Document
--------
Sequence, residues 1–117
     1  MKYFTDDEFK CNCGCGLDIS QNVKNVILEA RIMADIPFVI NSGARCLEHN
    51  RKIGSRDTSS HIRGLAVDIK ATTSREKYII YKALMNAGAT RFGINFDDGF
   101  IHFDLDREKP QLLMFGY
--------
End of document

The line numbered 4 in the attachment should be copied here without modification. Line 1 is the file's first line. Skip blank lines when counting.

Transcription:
   101  IHFDLDREKP QLLMFGY